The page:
The Building Safety Bill has now entered Parliament. It proposes changes to building safety law that will place new duties on those who are responsible for the safety of high-rise residential buildings.
Fires and serious structural incidents in high-rise residential buildings are thankfully rare. Nevertheless, when they happen their consequences for people in or around the building can be catastrophic, and a single incident can affect a number of people and their homes. The Bill therefore proposes a proportionate and systematic regulatory approach to prevent and reduce the severity of a serious fire or structural failure.
It includes more stringent requirements for residential buildings that are seven storeys or more, or 18 metres and above, in height. This document aims to give early insights into some of these potential changes to help those who may have new roles to prepare for the reforms. As you read this material, you must keep in mind that the law has not yet been settled, so the points covered may be subject to change.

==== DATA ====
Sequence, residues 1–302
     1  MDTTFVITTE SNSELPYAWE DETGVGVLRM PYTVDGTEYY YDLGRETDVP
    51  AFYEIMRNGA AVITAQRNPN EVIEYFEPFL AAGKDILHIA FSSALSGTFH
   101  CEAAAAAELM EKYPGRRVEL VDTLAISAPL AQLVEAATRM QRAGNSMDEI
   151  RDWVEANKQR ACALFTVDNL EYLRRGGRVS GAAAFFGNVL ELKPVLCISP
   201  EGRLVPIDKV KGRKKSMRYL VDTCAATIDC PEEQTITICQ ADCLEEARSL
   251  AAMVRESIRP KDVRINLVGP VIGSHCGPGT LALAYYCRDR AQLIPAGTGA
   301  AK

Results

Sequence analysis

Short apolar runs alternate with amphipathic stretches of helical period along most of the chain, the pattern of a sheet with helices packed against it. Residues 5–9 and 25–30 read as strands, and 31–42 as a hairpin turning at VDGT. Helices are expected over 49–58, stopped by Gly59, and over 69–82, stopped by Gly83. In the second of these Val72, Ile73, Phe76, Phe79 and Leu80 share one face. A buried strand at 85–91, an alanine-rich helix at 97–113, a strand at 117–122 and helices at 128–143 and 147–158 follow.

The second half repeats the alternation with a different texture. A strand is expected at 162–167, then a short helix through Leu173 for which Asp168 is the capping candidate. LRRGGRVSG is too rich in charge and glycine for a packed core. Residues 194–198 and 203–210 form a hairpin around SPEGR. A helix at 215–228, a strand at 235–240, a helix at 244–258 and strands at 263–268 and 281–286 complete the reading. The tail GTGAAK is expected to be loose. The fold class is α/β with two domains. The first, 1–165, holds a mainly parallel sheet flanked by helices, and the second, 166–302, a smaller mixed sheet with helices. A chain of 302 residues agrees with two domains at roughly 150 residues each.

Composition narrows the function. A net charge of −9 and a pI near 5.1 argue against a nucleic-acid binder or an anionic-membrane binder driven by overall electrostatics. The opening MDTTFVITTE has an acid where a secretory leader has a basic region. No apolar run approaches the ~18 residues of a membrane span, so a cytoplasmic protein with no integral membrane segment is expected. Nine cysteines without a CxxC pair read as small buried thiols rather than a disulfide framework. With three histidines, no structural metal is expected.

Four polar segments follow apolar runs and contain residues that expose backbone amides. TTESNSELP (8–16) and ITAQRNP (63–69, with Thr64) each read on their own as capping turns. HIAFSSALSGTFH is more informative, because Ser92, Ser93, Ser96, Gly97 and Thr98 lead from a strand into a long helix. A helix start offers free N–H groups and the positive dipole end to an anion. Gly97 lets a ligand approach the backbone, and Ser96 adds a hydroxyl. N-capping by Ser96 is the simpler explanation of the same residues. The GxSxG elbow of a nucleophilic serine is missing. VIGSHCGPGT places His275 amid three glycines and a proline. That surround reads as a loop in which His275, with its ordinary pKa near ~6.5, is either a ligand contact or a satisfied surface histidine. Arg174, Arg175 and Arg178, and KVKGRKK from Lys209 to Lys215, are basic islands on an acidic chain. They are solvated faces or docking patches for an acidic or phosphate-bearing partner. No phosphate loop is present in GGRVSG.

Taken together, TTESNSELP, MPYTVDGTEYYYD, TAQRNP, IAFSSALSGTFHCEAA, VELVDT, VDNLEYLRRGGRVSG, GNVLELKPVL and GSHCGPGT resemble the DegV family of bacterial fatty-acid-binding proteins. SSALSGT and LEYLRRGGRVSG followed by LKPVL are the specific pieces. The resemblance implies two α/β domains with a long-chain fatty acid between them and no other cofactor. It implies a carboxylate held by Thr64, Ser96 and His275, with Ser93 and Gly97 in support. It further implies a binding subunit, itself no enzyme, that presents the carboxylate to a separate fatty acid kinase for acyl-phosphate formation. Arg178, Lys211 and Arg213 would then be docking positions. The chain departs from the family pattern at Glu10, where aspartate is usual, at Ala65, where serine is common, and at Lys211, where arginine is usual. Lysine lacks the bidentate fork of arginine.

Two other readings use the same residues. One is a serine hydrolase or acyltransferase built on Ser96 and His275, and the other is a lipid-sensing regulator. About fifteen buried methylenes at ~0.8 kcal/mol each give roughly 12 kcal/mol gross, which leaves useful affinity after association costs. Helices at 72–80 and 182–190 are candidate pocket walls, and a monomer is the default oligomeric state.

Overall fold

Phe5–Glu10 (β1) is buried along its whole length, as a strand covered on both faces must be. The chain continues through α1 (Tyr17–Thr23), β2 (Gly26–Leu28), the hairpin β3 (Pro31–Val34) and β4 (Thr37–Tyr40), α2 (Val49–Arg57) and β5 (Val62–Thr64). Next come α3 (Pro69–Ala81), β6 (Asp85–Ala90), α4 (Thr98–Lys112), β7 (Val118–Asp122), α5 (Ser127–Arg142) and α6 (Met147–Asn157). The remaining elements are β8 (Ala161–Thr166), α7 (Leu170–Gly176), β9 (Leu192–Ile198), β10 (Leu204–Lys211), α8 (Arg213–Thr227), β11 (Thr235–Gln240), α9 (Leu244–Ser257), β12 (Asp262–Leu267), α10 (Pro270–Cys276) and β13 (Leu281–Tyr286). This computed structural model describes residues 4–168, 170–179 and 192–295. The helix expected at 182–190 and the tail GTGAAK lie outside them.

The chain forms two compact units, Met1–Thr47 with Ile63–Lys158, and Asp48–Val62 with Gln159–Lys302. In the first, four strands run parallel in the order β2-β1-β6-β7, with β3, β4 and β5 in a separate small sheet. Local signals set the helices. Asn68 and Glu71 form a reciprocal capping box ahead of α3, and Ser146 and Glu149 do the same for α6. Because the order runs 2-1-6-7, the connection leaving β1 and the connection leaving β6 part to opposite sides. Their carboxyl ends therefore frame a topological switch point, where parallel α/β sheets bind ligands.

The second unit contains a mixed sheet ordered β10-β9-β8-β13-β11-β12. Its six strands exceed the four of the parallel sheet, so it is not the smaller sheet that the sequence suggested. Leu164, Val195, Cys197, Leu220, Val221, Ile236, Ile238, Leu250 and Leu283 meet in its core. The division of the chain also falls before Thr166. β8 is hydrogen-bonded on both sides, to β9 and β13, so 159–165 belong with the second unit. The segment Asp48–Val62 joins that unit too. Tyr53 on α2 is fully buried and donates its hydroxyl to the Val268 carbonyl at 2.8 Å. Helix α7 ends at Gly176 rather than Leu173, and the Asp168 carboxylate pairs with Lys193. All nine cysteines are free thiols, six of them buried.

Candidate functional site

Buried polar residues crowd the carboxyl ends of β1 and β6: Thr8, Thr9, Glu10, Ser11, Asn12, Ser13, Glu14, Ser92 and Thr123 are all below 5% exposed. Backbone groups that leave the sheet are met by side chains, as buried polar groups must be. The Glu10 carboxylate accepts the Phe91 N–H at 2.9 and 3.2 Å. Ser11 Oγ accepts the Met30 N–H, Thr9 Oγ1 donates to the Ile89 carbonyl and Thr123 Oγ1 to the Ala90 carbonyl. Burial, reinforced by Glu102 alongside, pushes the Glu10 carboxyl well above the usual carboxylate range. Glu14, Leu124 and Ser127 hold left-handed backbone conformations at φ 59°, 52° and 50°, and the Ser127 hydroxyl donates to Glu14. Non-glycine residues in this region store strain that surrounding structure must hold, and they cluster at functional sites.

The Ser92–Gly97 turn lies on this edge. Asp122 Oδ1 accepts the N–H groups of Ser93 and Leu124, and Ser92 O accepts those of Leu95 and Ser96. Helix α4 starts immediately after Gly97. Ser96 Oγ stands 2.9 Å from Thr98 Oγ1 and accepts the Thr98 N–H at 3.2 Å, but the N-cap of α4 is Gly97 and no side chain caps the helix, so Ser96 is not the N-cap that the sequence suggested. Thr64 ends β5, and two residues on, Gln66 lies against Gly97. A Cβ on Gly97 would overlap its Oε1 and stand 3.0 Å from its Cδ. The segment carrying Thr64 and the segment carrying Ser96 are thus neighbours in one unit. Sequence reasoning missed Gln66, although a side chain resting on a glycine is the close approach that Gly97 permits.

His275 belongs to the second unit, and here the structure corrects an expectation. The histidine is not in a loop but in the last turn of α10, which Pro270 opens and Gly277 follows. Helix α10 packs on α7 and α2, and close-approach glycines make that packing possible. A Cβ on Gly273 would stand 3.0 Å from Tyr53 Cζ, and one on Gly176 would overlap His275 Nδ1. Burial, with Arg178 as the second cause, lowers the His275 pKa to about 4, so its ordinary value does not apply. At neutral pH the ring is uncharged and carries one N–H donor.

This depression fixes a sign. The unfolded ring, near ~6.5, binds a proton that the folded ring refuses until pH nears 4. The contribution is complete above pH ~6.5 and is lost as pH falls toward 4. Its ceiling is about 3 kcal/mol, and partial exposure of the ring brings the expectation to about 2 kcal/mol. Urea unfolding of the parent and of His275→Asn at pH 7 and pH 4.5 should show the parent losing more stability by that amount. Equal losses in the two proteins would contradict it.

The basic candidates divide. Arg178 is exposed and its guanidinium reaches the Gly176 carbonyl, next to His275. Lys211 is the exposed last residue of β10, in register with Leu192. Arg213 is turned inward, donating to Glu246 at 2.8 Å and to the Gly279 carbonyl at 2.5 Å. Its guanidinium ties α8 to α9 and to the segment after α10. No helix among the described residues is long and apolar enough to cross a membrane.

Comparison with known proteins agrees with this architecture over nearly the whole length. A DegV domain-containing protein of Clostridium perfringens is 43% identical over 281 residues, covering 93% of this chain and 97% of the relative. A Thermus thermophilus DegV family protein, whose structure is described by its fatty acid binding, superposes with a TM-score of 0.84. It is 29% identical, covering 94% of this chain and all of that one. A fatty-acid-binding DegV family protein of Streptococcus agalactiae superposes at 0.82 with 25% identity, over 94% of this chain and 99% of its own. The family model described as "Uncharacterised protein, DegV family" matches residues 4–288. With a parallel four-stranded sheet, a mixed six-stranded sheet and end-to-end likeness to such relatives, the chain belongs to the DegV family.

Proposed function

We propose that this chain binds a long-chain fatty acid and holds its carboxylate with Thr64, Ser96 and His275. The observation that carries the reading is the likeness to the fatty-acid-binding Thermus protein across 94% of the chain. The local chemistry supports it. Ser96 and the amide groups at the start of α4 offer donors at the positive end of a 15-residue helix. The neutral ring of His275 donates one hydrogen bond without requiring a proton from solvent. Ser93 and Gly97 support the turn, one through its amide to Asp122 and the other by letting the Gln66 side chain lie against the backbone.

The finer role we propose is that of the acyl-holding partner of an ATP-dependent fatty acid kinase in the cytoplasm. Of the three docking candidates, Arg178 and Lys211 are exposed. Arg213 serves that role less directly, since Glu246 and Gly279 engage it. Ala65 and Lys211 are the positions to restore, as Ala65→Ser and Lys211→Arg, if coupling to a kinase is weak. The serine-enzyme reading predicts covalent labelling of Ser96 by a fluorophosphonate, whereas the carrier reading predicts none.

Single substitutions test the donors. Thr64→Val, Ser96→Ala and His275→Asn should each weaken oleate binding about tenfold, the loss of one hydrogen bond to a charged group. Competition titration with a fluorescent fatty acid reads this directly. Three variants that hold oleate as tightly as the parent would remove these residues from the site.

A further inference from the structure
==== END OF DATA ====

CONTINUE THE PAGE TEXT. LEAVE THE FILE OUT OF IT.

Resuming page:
This document outlines the new approach proposed in England for the management and control of fire and structural hazards in buildings and the first steps towards understanding and preparing a safety case under the new regime. Residents, developers, other stakeholders such as property insurers, and building users may also have an interest in the potential role of safety cases in ensuring building safety. The document is the outcome of ongoing collaboration between Government, HSE and partner regulators, and industry.
(The above is an extract from the foreword by Peter Baker, Chief Inspector of Buildings)